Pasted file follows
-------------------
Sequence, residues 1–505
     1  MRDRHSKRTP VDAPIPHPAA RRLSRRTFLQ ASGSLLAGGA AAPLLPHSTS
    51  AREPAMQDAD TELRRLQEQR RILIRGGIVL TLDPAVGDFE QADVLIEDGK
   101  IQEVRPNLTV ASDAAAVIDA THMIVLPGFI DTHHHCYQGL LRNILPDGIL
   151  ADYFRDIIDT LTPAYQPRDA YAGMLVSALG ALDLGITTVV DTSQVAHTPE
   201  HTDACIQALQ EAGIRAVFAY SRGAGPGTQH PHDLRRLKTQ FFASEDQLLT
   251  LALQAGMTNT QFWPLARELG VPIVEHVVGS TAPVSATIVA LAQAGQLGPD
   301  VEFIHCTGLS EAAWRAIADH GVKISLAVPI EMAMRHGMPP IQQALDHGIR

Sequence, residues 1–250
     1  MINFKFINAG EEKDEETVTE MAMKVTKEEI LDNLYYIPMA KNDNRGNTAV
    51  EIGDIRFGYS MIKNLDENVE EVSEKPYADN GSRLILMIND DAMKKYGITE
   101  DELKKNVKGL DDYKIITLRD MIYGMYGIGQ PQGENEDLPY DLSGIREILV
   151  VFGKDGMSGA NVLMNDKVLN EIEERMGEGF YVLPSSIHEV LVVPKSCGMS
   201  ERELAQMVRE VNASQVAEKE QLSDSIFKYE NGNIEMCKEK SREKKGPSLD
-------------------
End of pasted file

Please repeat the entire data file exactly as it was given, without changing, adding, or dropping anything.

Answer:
Sequence, residues 1–505
     1  MRDRHSKRTP VDAPIPHPAA RRLSRRTFLQ ASGSLLAGGA AAPLLPHSTS
    51  AREPAMQDAD TELRRLQEQR RILIRGGIVL TLDPAVGDFE QADVLIEDGK
   101  IQEVRPNLTV ASDAAAVIDA THMIVLPGFI DTHHHCYQGL LRNILPDGIL
   151  ADYFRDIIDT LTPAYQPRDA YAGMLVSALG ALDLGITTVV DTSQVAHTPE
   201  HTDACIQALQ EAGIRAVFAY SRGAGPGTQH PHDLRRLKTQ FFASEDQLLT
   251  LALQAGMTNT QFWPLARELG VPIVEHVVGS TAPVSATIVA LAQAGQLGPD
   301  VEFIHCTGLS EAAWRAIADH GVKISLAVPI EMAMRHGMPP IQQALDHGIR

Sequence, residues 1–250
     1  MINFKFINAG EEKDEETVTE MAMKVTKEEI LDNLYYIPMA KNDNRGNTAV
    51  EIGDIRFGYS MIKNLDENVE EVSEKPYADN GSRLILMIND DAMKKYGITE
   101  DELKKNVKGL DDYKIITLRD MIYGMYGIGQ PQGENEDLPY DLSGIREILV
   151  VFGKDGMSGA NVLMNDKVLN EIEERMGEGF YVLPSSIHEV LVVPKSCGMS
   201  ERELAQMVRE VNASQVAEKE QLSDSIFKYE NGNIEMCKEK SREKKGPSLD